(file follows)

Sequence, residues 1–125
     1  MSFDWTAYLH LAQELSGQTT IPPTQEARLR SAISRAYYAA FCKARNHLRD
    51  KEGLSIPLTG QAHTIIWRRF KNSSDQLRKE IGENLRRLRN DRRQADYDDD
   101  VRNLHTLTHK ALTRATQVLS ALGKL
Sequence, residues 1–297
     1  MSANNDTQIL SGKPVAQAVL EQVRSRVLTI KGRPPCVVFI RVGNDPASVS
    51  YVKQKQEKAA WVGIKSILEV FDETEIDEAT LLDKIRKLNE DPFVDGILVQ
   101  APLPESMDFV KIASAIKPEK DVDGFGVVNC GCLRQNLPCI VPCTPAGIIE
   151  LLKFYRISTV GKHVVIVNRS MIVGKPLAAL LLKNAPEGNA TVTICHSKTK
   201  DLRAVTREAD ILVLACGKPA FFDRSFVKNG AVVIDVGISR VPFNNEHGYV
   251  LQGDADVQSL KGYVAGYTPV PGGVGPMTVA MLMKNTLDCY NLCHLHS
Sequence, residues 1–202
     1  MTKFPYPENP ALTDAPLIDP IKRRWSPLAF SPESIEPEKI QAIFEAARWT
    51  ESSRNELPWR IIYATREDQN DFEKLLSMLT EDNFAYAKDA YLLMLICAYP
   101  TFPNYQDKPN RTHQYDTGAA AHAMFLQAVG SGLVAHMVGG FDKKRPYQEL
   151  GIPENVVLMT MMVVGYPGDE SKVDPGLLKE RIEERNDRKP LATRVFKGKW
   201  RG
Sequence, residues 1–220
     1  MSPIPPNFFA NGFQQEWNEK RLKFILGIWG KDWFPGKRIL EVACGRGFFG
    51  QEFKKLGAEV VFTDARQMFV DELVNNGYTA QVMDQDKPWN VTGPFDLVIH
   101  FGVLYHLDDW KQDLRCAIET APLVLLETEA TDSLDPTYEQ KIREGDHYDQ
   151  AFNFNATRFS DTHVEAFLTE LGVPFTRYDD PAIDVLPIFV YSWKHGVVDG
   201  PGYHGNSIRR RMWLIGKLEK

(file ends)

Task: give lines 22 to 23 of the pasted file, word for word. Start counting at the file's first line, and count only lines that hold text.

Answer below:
   151  AFNFNATRFS DTHVEAFLTE LGVPFTRYDD PAIDVLPIFV YSWKHGVVDG
   201  PGYHGNSIRR RMWLIGKLEK